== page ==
Nearly Two-Thirds of Cancers Are Due to Random DNA 'Mistakes'
Cancer is caused by mistakes in DNA, and a new study finds that in most cancer cases, these mistakes are completely random; they're not due to heredity or environmental factors, but rather the result of random errors.
The mistakes, or mutations, cause cancer to happen because even a tiny error in DNA can make cells multiply out of control, the study said. Scientists had thought these mutations resulted mainly from two things: Either the mutation was inherited, or it was caused by outside factors that can damage DNA, such as cigarette smoke or ultraviolet radiation, the researchers wrote.
But a third cause — random mistakes — actually accounts for two-thirds of these mutations, said the new study, published today (March 23) in the journal Science.
When a cell divides, it copies its DNA, so that each of the new cells will have its own version of the genetic material. But each time this copying happens, it creates an opportunity for a mistake to occur. And in some cases, these mistakes can lead to cancer. [10 Do's and Don'ts to Reduce Your Risk of Cancer]
This means that cancer "will occur no matter how perfect the environment," senior study author Dr. Bert Vogelstein, a pathologist at the Sidney Kimmel Comprehensive Cancer Center at Johns Hopkins University, said in a statement.
In the new study, the researchers wanted to calculate what percentage of cancers were due to heredity, the environment and random mistakes. The scientists developed a mathematical model that incorporated data from registries of cancer patients around the world and data from DNA sequencing.
About 66 percent of cancers were due to random mistakes, 29 percent of cancers were due to environmental factors or people's lifestyles, and 5 percent of cancers were due to inherited mutations, the study found. This result, the researchers noted, lined up somewhat with an estimate from Cancer Research UK that 42 percent of cancers could be prevented with changes to lifestyle.
Some types of cancer, such as brain and prostate cancer, are nearly entirely attributable to random mistakes, the study said. The researchers found that random mistakes had caused more than 95 percent of these cancer cases that were looked at in the study.
For some other cancers, however, environmental factors play a large role, the study found. For example, environmental factors, primarily smoking, caused 65 percent of all lung cancers in the study, the researchers found. Just 35 percent of lung cancers were due to random mistakes, the investigators found.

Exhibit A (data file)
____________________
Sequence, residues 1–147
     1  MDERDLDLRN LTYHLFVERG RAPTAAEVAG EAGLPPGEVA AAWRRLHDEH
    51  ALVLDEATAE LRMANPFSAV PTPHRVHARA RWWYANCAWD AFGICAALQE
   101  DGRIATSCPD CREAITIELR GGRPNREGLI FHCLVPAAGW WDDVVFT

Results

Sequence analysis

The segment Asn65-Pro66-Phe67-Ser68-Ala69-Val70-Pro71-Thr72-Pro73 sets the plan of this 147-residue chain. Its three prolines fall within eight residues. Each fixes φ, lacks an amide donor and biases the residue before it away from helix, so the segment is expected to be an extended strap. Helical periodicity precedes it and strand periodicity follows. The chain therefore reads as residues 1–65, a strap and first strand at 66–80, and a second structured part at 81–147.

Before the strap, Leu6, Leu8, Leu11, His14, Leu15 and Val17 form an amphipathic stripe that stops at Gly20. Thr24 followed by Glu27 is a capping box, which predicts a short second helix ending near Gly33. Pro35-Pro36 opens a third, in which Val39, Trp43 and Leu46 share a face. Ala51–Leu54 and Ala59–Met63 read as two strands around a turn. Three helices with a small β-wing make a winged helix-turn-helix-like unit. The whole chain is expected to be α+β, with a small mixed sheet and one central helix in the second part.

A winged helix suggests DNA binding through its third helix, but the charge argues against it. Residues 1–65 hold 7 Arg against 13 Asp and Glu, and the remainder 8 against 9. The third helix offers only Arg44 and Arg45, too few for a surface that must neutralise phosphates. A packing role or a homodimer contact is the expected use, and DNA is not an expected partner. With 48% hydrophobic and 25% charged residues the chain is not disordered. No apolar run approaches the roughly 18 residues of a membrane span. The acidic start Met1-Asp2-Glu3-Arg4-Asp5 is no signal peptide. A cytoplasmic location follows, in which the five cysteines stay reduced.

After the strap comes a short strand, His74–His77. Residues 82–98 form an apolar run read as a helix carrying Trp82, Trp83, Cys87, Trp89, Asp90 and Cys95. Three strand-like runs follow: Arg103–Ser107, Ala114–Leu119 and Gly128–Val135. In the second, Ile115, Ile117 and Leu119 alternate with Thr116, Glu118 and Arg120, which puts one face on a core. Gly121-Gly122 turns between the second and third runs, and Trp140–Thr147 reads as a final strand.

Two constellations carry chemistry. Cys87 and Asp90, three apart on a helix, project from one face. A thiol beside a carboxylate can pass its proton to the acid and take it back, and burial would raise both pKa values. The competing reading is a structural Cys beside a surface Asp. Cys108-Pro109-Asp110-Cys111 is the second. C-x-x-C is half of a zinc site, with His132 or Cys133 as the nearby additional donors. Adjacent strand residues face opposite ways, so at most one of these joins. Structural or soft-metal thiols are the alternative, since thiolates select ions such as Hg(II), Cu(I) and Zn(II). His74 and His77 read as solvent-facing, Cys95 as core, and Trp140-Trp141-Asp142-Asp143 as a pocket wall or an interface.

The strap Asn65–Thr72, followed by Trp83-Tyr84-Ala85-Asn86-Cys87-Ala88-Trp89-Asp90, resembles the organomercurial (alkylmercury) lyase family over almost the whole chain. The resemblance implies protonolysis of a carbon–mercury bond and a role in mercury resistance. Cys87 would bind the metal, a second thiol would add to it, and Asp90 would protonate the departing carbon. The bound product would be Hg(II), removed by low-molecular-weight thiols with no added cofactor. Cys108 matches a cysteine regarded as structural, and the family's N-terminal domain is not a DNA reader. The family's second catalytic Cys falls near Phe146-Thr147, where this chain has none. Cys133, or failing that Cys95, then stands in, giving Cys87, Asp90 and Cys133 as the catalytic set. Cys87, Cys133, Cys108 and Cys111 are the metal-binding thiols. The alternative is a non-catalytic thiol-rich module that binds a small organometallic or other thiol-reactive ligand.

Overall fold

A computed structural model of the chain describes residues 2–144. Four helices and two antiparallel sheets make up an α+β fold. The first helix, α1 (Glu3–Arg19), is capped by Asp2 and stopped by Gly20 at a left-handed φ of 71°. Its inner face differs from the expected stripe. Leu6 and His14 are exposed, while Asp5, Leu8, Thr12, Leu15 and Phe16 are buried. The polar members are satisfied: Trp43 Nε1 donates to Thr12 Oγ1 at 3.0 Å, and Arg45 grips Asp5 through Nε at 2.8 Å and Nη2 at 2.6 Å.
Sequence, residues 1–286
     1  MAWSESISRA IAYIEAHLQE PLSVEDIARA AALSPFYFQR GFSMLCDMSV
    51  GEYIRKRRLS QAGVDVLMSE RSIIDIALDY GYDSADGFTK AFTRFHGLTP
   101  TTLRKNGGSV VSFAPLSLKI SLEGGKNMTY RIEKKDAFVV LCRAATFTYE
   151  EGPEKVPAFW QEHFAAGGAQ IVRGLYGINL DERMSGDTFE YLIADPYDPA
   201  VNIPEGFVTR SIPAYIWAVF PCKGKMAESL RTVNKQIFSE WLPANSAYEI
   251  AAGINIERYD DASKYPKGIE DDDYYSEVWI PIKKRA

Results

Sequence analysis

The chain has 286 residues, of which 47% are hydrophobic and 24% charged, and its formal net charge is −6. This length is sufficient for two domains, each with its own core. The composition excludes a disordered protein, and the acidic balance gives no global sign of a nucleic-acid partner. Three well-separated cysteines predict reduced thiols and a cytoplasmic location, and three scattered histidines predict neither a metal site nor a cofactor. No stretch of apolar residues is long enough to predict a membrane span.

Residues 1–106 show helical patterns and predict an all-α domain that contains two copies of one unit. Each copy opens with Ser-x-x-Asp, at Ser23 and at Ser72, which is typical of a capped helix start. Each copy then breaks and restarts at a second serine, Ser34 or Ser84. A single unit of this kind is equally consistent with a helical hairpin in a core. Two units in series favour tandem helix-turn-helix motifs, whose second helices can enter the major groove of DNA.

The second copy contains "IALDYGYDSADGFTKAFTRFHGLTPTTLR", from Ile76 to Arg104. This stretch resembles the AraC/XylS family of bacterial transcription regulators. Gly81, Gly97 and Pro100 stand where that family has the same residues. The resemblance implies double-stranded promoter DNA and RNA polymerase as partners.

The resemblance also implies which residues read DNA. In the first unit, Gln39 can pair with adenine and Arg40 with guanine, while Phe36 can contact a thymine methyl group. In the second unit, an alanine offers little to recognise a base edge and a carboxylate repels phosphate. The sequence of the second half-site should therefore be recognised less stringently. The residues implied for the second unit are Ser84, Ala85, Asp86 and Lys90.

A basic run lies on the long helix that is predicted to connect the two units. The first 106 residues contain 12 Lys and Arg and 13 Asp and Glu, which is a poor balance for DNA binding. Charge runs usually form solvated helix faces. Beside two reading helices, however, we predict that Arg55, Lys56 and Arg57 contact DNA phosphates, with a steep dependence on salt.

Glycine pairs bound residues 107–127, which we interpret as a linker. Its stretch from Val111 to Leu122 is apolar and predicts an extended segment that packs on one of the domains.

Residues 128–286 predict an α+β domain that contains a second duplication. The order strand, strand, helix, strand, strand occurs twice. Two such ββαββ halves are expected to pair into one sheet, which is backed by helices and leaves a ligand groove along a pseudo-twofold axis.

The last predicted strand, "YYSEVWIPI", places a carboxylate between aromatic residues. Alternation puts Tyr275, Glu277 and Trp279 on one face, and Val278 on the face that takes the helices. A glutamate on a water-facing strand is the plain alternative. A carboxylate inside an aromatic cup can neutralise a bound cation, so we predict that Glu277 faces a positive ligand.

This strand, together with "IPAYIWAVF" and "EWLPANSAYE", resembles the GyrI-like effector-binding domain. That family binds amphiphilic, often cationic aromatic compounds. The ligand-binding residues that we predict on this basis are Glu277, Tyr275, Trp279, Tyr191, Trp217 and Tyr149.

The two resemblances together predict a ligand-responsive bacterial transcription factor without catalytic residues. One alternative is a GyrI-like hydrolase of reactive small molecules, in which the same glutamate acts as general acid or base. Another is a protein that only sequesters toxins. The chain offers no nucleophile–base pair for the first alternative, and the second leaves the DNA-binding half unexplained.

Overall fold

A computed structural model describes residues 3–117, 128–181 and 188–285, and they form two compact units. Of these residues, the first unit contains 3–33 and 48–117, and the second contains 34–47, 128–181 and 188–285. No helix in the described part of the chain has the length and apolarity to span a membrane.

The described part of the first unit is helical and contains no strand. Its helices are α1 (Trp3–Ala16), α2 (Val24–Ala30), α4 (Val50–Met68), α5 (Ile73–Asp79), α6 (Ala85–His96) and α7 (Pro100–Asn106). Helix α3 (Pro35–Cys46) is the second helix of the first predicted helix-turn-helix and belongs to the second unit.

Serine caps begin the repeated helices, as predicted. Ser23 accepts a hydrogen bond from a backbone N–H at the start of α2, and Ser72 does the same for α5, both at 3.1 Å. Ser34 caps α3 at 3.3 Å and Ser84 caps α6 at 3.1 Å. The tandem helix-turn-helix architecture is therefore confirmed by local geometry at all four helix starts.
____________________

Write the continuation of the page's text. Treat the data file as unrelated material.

A single mutation in a cell is unlikely to cause cancer, Vogelstein noted, speaking in a podcast produced by Johns Hopkins. Rather, the more mutations there are, the more likely it is that the cell will turn cancerous, he said.
Thus, mutations from random mistakes are enough to cause cancer by themselves in some cases, Vogelstein said. But in others, a combination of random mistakes, plus mistakes due to environmental factors eventually turns the cell cancerous, he said. For example, skin cells have a baseline level of mutations due to random mistakes, and exposure to ultraviolet light can add even more mutations, leading to cancer, he said. [How to Protect Yourself from Sun and Heat in 2017]
Cristian Tomasetti, an assistant professor of biostatistics also at Johns Hopkins, likened the three causes of mutations to typos that occur while using a keyboard. Some of those typos may be the result of the typist being tired or distracted; these can be thought of as the environmental factors, Tomasetti said on the podcast. And if the keyboard the typist is using is missing a key, that's a hereditary factor, Tomasetti said.
But even in a perfect environment, where the typist is perfectly rested and using a perfectly working keyboard, typos will still occur, Tomasetti said. And these represent the random mistakes.
What the study means for prevention
There are prevention strategies for cancers caused by environmental factors or inherited genes: A smoker can quit smoking to help lower his or her risk of lung cancer, and a woman who finds that she carries the breast cancer BRCA mutation may opt to have a preventative mastectomy.
These "primary prevention" strategies are considered the best way to reduce deaths from cancers, the researchers wrote in the study.
Such primary prevention is not possible for cancers caused by random mutations, but still, "secondary prevention" can help save lives, the authors wrote. Secondary prevention refers to early detection of cancer, according to the study.
"We need to focus more on early detection, because these are not mutations" that can be avoided, Tomasetti said on the podcast.
Originally published on Live Science.
Live Science newsletter
Stay up to date on the latest science news by signing up for our Essentials newsletter.
By Briley Lewis
By Harry Baker